PART III: THE TRIBUNE WAS TOUCHED
Well, the definition of this period as a "good time" really depended on who you were in Roman society. For the Roman Senate, these were great times. Through conquest and forfeit, millions of acres of territory had come into their posession as "public lands" which they redistributed and rented out to clients "for the good of the republic." (Senators, prohibited from holding a trade, were an investor and landlord class.) Classical art and treasure was pouring into the city from the recently-conquered Greek and Hellenistic world, as well as thousands upon thousands of Greek and Hellenistic slaves. For these guys, times were the worst of the worst. If they were fortunate, they were put to work as tutors or domestic servants ("servus" = slave in Latin) in senatorial households. If they were less fortunate, they were sent to burgeoning farms the senators were building on the previously-mentioned "public lands," mostly in Sicily. (These were the predecessors to the truly massive latifundia that would start appearing during the high empire.) If they were really unfortunate, they would be shipped to the gold and silver mines in Spain, where life expectancies ranged from a matter of months to a year.
If you belonged to a class somewhere between senator and slave, then things could go either way. Sure, the growth and proliferation of these large farms drove down the price of grain for the average Roman. However, if you were a Roman farmer, these farms were likely driving you out of business. We'll examine the corrosive effect this had on Roman democracy in a moment.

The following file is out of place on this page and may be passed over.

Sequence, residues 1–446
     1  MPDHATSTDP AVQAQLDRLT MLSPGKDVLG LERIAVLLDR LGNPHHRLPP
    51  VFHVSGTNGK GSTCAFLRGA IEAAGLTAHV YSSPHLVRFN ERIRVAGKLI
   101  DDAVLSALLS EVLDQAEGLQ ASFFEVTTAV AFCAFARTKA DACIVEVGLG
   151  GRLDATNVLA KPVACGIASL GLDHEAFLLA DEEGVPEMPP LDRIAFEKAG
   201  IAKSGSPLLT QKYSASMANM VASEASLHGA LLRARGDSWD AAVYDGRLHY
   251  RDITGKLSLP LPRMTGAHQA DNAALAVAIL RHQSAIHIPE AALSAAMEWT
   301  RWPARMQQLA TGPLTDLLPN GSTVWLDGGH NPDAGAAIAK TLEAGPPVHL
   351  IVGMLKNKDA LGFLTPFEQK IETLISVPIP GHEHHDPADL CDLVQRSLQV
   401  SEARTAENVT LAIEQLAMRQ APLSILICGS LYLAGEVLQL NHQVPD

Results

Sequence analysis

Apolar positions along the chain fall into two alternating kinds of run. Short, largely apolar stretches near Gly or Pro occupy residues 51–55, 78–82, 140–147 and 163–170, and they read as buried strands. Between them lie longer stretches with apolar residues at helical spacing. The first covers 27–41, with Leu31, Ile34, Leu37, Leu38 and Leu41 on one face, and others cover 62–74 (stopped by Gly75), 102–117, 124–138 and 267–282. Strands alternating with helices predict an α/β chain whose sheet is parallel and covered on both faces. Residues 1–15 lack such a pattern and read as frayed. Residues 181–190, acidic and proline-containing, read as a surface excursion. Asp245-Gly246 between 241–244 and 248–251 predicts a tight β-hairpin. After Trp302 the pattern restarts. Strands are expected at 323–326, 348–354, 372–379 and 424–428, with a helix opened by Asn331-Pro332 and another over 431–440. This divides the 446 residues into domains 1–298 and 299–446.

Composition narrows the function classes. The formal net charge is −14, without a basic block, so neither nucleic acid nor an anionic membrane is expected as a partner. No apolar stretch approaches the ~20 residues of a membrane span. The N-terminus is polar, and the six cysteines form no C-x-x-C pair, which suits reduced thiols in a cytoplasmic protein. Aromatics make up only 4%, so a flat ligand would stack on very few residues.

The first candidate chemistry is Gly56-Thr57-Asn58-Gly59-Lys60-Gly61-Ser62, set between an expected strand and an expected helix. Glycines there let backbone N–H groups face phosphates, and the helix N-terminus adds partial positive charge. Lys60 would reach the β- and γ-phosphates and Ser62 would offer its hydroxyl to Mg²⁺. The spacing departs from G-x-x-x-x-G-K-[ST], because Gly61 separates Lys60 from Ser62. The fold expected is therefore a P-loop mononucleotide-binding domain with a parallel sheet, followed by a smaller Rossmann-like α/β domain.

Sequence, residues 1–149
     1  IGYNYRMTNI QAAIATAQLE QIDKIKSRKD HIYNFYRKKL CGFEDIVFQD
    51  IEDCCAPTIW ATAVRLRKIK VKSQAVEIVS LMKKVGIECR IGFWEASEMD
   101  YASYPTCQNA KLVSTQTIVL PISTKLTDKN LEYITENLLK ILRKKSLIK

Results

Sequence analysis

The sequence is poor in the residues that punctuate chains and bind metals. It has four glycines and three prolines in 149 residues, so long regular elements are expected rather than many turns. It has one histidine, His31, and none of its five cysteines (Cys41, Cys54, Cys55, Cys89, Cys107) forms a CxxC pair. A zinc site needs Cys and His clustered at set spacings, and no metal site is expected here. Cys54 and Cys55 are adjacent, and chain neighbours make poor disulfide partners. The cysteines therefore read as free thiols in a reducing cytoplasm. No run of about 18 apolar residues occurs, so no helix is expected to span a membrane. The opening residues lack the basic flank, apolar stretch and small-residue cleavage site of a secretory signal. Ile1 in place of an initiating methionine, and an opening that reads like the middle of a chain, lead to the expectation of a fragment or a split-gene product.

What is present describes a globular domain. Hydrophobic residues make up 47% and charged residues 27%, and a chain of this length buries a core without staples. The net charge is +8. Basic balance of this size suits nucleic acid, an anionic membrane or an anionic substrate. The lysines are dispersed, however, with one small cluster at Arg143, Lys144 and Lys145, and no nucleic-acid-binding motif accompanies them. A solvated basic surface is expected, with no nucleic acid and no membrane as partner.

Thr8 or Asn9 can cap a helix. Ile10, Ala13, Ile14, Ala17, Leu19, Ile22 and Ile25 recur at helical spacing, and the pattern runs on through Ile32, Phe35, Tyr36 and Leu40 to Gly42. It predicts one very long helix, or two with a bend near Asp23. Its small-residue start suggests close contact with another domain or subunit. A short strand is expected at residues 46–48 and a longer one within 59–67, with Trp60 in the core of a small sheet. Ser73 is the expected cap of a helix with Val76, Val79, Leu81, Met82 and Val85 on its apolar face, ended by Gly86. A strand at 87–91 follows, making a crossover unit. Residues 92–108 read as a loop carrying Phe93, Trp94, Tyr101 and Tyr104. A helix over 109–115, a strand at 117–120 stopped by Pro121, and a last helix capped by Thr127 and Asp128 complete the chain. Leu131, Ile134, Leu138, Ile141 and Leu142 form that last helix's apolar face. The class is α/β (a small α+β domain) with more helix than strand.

Enter Tiberius Sempronius Gracchus, newly-elected tribune of the plebs for 133 B.C. Tiberius was a reform-minded politician eager to balance the scales of society and right the listing ship of state. He proposed a law, the Lex Sempronia Agraria, allowing for a more egalitarian distribution of land and creating a new pool of landowners for taxation and recruitment. Like any idealistic, energetic young politician in his first try at legislating, he was promptly gobsmacked by the powers-that-be. The landowning senators attacked him as an instigator of class warfare and tyrannical wealth redistribution, and versions of the Lex Sempronia were either ignored or blocked outright.
Gaius's ejection from the tribuneship opened the way for the Senate to begin repealing his legislation. However, on the day the repeal was meant to happen, the servant of Gaius's senatorial arch-enemy, Opimius, was killed in a scuffle with Gaius's supporters. This was the moment the Senate was waiting for to end Gaius, and they collectively howled for his blood. After intense negotiation, Opimius advanced on Gaius with mercenary archers (!), killing dozens and driving Gaius from the city. Gaius took his own life before the Senate mob could catch him.
Gaius's head was cut off and carried to Opimius, who had promised its weight in gold to whoever retrieved it. (This offer was rescinded when it was discovered its retriever had filled it with molten lead to increase his reward.) History continued to repeat itself: Gaius's supporters were killed, exiled, or put into snake-sacks and tossed into the Tiber. Gaius's laws were repealed wholesale, and Gaius's widow was forbidden to mourn his death. The threat to the Senate's power was nipped in the bud.
That someone was Gaius Marius. We'll examine his contributions in the next segment, as the decline of the Republic kicks into high gear.